Question: Just how segregated is Baltimore?
So segregated that a staggering 78 percent of the African-American population would have to move for each of the residential blocks to attain the same percentage of blacks as the current citywide total of 64 percent.
This segregation is in keeping with Baltimore's history of racial separation that was fostered over decades through restrictive covenants and zoning laws. When those practices started to crumble in the 1950s and 1960s and blacks moved beyond designated areas, white panic often ensued. Some neighborhoods, notably Edmondson Village, changed from all-white to predominantly black in just a few years.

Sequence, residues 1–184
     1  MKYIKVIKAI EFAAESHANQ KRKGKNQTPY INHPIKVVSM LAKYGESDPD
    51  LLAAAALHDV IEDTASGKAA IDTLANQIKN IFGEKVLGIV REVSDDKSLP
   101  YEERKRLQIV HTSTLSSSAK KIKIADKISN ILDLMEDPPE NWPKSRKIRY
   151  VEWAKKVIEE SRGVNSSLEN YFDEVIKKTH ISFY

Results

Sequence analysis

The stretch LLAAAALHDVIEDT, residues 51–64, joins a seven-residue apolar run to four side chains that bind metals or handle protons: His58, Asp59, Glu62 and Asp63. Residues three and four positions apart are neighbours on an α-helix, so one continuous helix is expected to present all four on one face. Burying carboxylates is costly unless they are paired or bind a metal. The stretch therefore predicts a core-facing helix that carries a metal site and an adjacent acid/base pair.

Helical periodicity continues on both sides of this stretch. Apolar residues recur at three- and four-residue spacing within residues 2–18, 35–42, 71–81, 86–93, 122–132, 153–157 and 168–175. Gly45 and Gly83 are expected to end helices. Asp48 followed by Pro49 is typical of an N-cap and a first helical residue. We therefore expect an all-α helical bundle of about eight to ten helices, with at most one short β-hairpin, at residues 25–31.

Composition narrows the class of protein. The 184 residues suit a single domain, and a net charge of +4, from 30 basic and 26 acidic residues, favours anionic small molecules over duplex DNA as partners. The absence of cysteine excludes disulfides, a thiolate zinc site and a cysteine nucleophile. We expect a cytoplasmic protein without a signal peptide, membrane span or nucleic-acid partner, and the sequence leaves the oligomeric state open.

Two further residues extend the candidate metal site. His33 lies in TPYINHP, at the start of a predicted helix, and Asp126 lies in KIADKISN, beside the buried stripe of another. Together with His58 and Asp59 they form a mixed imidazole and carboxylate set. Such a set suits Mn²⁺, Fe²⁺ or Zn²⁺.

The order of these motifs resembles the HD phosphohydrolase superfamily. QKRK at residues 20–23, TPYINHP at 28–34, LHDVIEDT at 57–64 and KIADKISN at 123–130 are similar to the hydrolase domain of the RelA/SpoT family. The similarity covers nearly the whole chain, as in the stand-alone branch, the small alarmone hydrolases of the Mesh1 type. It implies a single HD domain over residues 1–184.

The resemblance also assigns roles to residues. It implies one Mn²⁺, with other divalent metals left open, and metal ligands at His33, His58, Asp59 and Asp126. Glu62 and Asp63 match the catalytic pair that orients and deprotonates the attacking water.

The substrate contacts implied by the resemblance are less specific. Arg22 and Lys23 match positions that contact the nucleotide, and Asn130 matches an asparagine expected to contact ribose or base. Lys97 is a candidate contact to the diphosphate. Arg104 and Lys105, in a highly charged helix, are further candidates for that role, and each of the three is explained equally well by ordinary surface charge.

Data from the 2000 Census show some decline in Baltimore's residential segregation. But those figures also suggest that as African-Americans move to surrounding counties, segregated pockets form there as well.
According to the 2000 Census, Baltimore is the nation's 17th most segregated city. It had the same ranking in 1990.
The Detroit metropolitan area has the dubious distinction of having the highest level of de facto black-and-white residential segregation, followed by Milwaukee; New York; Chicago; Newark, N.J.; Cleveland; Cincinnati; Nassau-Suffolk, N.Y.; and St. Louis. Residential segregation increased so much in Miami during the past decade that it replaced Philadelphia as the 10th most segregated city.
In a metropolitan area such as Baltimore, stark racial separation produces considerable societal costs. Chief among them are a poor public transportation system, inadequate schools and all kinds of suspicions and phobias.
Negativism persists when people fear one another.